So why did the pond disappear? The Royal Gazette’s account of a special session held at the House of Assembly on November 24, 1939, gives the clue. Mr J.B. Outerbridge of Hamilton Parish requested information from Mr Trott of Smith’s Parish, then the chairman of the Board of Works, about whether mud would be pumped from Flatts Inlet to Harrington Sound. “I am of the opinion,” he said, “it is going to be detrimental to the fishing there, also to the scallops and oysters.” Mr Trott replied that they had been pumping sand into the area for some time, but he saw no evidence of sand going into Green Bay. He also said that Mr Mowbray (founding curator of the Aquarium) had shown where pumping should take place so that scallops and other fish wouldn’t be affected. In answer, Mr Outerbridge was skeptical, revealing his original question had been somewhat rhetorical. He replied that the area of marsh was then about twice the size of the pond they intended to fill in. “I should judge if they keep pumping there at the pond as he calls it, it will be three times the size of the pond they started to fill in.” Perhaps he had knowledge ahead of his time.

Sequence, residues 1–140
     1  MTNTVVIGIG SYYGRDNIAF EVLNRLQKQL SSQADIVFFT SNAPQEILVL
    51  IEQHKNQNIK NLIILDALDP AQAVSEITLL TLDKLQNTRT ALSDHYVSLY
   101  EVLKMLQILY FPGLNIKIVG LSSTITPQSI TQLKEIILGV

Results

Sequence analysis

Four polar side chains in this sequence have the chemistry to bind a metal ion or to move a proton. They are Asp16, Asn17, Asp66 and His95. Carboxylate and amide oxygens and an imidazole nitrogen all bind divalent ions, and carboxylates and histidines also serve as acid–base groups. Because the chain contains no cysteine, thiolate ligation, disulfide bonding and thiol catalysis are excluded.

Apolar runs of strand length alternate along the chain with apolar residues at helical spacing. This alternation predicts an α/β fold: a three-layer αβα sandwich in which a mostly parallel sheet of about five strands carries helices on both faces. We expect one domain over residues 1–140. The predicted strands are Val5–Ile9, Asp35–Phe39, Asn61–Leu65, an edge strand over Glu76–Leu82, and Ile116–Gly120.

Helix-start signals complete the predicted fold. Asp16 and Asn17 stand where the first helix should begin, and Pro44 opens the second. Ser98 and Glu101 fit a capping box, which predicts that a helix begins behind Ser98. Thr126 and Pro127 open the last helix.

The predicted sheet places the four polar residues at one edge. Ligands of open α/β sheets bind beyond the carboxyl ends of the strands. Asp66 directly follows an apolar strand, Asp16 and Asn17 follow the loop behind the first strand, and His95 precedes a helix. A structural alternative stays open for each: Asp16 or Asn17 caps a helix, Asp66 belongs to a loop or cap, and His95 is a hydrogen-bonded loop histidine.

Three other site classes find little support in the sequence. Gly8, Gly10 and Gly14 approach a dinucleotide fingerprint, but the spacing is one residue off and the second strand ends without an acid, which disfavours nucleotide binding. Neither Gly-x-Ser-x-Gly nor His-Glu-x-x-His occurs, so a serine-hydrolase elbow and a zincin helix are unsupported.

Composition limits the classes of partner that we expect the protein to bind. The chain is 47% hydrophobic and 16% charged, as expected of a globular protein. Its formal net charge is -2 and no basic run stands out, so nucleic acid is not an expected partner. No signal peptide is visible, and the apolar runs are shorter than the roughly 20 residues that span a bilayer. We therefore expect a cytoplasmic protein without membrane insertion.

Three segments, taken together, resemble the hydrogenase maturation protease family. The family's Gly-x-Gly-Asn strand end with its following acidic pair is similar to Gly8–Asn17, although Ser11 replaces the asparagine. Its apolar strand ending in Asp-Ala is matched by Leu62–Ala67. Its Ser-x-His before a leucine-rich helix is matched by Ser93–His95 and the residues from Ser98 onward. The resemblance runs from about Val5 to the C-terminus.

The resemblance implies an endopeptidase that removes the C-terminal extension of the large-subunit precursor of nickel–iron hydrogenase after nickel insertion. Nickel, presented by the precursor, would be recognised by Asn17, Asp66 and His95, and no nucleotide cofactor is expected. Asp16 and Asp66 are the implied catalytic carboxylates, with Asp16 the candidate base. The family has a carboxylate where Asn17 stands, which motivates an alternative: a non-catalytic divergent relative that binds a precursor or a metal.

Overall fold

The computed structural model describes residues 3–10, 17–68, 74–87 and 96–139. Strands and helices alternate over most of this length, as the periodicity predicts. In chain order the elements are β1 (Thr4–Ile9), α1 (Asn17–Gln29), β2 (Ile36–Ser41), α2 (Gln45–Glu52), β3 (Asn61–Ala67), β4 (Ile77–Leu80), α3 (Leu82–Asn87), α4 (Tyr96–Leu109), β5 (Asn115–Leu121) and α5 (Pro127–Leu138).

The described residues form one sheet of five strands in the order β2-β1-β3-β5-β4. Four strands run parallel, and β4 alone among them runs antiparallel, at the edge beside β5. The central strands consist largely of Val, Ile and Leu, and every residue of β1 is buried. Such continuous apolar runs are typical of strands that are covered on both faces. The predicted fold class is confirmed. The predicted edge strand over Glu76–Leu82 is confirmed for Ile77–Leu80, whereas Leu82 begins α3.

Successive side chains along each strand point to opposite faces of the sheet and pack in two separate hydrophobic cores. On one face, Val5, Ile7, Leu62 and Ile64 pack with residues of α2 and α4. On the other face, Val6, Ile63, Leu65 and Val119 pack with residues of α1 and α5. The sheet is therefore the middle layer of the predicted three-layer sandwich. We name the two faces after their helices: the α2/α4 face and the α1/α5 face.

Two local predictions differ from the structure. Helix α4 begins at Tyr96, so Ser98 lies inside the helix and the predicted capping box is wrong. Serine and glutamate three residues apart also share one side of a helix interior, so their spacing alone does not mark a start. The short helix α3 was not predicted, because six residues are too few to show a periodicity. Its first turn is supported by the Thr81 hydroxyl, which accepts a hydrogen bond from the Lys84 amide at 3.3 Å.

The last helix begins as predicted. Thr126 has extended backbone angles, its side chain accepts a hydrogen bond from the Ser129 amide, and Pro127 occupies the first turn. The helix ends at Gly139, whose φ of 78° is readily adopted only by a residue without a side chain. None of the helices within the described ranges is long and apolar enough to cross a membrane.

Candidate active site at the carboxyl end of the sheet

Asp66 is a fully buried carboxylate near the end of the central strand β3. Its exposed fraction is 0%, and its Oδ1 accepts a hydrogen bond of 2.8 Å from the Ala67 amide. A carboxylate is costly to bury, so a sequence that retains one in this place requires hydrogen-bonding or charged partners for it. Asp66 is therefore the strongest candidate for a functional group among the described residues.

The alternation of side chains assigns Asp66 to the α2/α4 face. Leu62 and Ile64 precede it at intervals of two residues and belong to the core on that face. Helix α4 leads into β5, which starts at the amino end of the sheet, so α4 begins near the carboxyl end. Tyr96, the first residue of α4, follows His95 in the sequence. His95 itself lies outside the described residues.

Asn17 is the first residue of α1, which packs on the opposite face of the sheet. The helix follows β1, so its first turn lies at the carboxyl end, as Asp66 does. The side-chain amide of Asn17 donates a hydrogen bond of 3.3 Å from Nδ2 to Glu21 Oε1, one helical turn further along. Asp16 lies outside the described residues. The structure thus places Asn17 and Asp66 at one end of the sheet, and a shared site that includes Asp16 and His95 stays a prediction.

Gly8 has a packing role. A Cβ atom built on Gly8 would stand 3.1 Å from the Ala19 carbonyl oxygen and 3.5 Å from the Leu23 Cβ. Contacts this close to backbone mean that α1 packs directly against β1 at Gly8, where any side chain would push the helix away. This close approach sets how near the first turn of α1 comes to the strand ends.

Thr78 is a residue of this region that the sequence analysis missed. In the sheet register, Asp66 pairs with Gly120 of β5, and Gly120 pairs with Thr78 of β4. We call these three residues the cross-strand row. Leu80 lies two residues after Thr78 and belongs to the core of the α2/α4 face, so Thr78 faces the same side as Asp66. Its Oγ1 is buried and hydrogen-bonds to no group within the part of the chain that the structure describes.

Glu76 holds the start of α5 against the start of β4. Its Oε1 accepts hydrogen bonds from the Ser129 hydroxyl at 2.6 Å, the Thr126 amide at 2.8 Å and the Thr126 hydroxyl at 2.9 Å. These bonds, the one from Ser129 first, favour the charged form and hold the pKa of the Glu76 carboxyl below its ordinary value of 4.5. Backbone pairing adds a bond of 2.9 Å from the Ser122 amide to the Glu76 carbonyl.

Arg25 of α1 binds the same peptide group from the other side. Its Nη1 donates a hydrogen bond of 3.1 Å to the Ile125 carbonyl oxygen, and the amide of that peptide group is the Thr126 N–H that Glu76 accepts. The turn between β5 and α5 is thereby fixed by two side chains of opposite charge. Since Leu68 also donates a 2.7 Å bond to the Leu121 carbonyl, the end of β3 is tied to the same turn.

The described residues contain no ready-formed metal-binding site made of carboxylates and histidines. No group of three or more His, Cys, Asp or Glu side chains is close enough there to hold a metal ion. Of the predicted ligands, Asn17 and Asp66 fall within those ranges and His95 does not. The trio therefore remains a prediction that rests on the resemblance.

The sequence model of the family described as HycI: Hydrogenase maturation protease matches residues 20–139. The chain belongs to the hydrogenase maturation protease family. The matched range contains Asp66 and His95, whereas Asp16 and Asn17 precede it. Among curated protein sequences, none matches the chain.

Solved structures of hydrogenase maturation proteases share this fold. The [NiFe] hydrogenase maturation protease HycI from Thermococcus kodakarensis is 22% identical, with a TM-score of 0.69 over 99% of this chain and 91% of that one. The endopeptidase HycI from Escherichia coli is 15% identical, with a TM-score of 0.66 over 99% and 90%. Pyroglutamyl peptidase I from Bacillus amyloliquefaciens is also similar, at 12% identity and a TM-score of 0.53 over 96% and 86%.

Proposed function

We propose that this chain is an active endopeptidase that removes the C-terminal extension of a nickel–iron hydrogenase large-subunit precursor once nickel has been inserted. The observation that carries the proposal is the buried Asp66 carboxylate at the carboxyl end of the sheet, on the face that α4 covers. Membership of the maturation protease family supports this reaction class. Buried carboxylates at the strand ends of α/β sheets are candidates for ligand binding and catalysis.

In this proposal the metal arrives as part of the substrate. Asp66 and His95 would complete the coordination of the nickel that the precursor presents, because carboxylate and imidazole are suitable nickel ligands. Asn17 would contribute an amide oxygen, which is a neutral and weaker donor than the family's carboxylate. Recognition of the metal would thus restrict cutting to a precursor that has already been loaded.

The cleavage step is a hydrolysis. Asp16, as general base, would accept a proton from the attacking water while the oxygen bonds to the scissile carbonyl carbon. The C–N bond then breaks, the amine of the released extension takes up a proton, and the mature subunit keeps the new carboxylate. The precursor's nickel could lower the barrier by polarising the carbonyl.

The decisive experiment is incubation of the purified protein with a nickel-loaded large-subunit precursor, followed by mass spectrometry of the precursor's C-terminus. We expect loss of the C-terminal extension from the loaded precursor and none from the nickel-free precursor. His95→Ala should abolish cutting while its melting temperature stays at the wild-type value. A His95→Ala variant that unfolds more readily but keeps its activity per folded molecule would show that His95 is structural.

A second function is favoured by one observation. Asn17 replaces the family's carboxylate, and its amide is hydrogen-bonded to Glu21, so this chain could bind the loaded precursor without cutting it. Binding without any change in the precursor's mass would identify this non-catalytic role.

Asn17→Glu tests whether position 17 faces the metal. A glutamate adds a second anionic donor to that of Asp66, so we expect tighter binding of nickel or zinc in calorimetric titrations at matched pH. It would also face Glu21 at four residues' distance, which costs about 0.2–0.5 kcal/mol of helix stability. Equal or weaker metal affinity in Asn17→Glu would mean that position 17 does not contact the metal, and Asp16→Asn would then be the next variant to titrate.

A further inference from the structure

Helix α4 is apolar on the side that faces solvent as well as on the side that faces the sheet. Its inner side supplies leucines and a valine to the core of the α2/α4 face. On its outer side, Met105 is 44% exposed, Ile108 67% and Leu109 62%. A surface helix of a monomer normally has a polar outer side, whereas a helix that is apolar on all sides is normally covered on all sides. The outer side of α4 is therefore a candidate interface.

By 1941, when Eugene Worrall Outerbridge was still living at Somers Hall, growing lilies and running his Shelly Bay Supermarket in Pearman’s Hall, the pond was completely filled in with sand dredged from Flatts Inlet. It’s possible, ponds weren’t viewed then in the favourable light today’s environmentalists view them. Certainly, Eve’s Pond wasn’t the only one to be filled in during the first half of the twentieth century, as Pembroke Marsh attests. Filled-in land was seen as a means for dealing with trash and ponds were seen by some to be unsightly, in part because they attracted mosquitoes.

A large bird hide was constructed in September by Brown and Company, which was made possible by a donation from Eddie Wright in memory of his wife, Yvonne.

However, when Buy Back Bermuda bought the land some eighty years later, they knew from the start they wanted to reinstate the pond. A greater understanding of the natural world shows us water is essential for all living things. And, as Gray points out, it’s a huge attraction for immigrant birds as well as local ones. She was also originally in favour of the pond being connected to the sea, just as it had been in its original state. However, although Ocean Earth Team Technologies (OET), a team of international specialists who extensively researched and conducted geophysical mapping of the underground cave system, thought it was possible, the Buy Back Bermuda Nature Reserve Conservation Committee deemed it far too expensive and risky. “Green Cave is the longest, mapped cave in Bermuda,” Gray explains, “and the research OET carried out shows us that its connected chambers and uncharted caves are even more extensive than earlier explorations revealed.” It is vital to protect them since they are habitat to some of Bermuda’s rarest marine species. The pond has therefore been restored without being reconnected to the marine caves and is possibly east of the original although it’s difficult to be sure. No photos of the original pond have come to light.